A replica gun that was being carried by a 13-year-old boy who was killed by a Sonoma County, Calif. deputy last year is seen.
Photo credit: Sonoma County Sheriff's Department
The gun in Stephen Corkery's hand when he allegedly robbed several Spokane businesses and walked into a fatal standoff on West Grace Avenue in March was fake, investigators say.
The alleged crimes, and the consequences, were very real.
Local law enforcement have responded to at least a dozen calls since the start of the year involving people armed with a gun that officers and bystanders believed was authentic, but turned out to be a realistic-looking replica. Two of those encounters, including Corkery's, have ended with fatalities.
"What do you do?" Spokane police Chief Frank Straub said. "You can't call a timeout and say, 'Excuse me, is that real?'"
Many more incidents, including an hourslong standoff with a suicidal man downtown last month, ended peacefully, and police identified the guns involved as replicas. But Straub and others worry the rising number of would-be criminals threatening civilians with fake firearms could lead to an even greater number of tragedies.
"My fear is, sooner or later someone's going to walk into a store to do a robbery, only to be confronted by a store owner, or a property owner, who has a real gun," Straub said.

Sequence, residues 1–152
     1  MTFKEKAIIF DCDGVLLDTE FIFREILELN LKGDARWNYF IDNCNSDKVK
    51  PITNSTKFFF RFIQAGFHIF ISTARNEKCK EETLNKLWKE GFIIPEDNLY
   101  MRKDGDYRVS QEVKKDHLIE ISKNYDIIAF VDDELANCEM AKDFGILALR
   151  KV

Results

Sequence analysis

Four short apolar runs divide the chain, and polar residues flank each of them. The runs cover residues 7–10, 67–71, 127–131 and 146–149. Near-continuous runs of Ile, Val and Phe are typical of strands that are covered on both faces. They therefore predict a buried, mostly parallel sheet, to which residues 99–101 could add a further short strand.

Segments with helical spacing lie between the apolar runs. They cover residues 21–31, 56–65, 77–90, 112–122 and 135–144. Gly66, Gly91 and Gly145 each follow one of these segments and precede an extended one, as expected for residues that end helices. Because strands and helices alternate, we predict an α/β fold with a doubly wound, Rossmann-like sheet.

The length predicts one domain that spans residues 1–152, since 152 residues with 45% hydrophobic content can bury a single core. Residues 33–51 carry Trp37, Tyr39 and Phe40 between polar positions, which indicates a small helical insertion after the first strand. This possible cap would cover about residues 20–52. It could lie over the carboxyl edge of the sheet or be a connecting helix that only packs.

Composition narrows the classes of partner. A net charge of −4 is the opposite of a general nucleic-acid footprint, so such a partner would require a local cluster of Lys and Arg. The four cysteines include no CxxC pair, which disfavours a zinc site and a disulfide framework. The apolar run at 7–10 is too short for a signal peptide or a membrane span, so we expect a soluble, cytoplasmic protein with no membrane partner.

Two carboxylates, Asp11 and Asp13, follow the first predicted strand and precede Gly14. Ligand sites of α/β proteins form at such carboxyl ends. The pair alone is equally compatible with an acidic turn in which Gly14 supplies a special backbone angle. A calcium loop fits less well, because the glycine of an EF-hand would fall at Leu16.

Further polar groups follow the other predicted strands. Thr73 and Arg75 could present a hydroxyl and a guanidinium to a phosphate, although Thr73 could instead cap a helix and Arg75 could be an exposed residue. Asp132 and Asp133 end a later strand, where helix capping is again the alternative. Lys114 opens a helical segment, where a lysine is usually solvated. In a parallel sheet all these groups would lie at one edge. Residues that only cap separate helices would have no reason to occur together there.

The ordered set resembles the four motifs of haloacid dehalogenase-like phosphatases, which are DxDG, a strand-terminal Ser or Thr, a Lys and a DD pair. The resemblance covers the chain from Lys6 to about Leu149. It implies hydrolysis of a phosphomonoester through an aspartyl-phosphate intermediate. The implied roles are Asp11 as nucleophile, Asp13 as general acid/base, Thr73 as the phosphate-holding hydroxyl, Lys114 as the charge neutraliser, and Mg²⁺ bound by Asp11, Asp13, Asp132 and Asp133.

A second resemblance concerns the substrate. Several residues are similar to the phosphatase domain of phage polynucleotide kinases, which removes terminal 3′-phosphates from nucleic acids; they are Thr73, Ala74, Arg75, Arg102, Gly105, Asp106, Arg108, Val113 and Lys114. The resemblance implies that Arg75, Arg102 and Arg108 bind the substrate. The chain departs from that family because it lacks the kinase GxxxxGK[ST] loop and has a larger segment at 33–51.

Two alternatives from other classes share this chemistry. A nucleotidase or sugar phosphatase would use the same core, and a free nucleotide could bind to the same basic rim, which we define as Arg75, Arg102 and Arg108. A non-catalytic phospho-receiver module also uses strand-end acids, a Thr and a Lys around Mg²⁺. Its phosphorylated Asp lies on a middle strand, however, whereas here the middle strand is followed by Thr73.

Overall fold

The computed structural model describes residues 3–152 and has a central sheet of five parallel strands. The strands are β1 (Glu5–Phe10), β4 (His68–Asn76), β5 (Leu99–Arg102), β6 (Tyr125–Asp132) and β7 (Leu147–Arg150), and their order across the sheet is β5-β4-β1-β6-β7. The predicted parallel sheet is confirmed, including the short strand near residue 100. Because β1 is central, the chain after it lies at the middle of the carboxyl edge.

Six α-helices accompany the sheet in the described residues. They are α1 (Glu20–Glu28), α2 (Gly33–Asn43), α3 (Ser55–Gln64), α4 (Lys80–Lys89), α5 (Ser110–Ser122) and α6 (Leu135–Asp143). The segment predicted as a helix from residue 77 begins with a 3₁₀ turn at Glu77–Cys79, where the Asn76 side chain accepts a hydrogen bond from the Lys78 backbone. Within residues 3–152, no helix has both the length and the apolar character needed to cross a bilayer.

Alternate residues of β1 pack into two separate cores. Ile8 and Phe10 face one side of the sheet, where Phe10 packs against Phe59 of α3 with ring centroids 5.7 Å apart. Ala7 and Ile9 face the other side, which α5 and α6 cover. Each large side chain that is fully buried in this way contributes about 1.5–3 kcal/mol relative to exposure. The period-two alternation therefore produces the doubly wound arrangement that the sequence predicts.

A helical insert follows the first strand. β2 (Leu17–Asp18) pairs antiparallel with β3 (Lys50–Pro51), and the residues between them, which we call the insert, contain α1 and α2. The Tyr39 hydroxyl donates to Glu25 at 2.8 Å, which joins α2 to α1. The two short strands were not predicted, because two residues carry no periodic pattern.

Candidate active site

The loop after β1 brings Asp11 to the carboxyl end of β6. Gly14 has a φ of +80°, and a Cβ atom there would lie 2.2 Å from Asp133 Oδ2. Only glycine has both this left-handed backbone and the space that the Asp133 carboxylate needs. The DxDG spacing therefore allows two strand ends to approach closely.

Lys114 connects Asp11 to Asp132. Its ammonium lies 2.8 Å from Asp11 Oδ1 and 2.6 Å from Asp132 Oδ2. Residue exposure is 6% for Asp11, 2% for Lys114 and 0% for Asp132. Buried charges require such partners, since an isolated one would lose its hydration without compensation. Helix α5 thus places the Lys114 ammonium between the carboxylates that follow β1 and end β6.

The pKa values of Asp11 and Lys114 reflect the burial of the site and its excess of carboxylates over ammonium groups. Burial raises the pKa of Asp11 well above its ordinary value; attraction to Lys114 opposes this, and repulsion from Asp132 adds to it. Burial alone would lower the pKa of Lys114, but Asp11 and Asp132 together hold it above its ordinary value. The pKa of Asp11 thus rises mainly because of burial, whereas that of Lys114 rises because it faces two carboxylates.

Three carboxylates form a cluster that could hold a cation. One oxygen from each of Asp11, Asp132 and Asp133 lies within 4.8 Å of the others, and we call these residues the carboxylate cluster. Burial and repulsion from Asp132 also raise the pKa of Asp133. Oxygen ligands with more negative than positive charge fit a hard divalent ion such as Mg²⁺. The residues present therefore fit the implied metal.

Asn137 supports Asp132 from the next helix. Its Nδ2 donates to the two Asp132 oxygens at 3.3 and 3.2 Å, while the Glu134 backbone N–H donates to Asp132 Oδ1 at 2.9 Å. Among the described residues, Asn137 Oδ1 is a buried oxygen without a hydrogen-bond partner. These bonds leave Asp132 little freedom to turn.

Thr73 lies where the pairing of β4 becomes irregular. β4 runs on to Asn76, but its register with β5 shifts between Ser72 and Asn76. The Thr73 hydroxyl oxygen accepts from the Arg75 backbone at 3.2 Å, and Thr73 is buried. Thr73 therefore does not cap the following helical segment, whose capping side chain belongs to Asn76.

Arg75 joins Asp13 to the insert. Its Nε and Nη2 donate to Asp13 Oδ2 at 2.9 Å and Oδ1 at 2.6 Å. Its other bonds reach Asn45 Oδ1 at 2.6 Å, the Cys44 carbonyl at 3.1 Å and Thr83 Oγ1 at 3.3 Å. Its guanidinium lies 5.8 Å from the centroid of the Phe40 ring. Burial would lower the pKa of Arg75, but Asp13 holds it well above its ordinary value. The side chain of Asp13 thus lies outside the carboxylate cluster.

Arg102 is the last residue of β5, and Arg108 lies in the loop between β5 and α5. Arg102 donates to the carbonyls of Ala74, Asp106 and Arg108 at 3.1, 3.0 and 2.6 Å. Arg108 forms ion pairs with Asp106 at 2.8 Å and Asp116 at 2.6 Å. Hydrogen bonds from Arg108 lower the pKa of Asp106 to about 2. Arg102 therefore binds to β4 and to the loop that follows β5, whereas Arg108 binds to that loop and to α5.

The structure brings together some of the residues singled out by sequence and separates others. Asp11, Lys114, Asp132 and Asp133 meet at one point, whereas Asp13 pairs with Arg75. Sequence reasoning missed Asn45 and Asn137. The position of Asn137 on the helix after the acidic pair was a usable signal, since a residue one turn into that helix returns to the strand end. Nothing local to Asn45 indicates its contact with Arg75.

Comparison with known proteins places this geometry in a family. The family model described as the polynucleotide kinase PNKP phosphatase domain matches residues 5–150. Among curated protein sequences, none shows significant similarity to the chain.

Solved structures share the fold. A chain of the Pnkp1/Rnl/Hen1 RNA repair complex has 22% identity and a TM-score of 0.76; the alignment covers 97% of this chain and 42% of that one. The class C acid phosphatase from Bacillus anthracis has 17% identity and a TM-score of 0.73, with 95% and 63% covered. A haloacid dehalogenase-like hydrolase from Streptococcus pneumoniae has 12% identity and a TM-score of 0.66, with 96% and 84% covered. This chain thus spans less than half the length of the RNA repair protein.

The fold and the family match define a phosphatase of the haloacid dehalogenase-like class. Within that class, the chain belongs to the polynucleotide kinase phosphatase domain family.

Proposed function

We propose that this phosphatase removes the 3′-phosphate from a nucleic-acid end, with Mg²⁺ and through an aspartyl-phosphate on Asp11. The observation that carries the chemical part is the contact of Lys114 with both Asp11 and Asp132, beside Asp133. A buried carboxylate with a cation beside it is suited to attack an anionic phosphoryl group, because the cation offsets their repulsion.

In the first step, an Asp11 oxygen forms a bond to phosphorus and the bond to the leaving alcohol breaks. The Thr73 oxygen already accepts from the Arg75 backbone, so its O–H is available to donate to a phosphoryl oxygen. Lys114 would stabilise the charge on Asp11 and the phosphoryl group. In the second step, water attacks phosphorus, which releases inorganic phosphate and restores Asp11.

While policy changes at the local and state level to restrict access to -- or more clearly identify -- facsimile firearms remain in the planning stage, communities across the country have realized the growing threat posed by products marketed and regulated as toys that are then brandished as deadly weapons. Enthusiasts worry that the behavior of some people, who for various reasons are unable to buy real guns, could lead to regulation of airsoft guns, replica guns that shoot pellets.
But the proliferation of weapons that appear genuine, and the pressure officers and the public are under to determine a gun's authenticity, demands change, Straub said.
"I don't think they should be on the street to begin with," he said.
'He created the contact'
The gun in Jeremy Arnold's hand caught the sunlight and glinted moments before Spokane police officers opened fire in April, killing him as he returned to the scene of the homicide he was suspected of committing.
The standoff, captured by a KXLY cameraman, showed the tell-tale signs of the so-called "suicide by cop" trend, said retired Los Angeles Police Department Capt. Rick Wall.
"He didn't have to go back there," Wall said of Arnold. "He created the contact."
Initiating contact with police is one of five factors that indicate a desire for suicide by cop, said Wall, who has spent more than a decade researching and developing strategies to identify and deal with mental health issues. The other factors have been present in multiple situations when seemingly armed people confronted Spokane law enforcement.
In May, a man walked onto an STA bus holding what witnesses said appeared to be a gun. When police arrived, he began pointing it at officers in what was described as a "threatening" manner by police. Wall said those who want suicide by cop will place officers in a situation that demands a use-of-force response but don't desire to harm anyone else.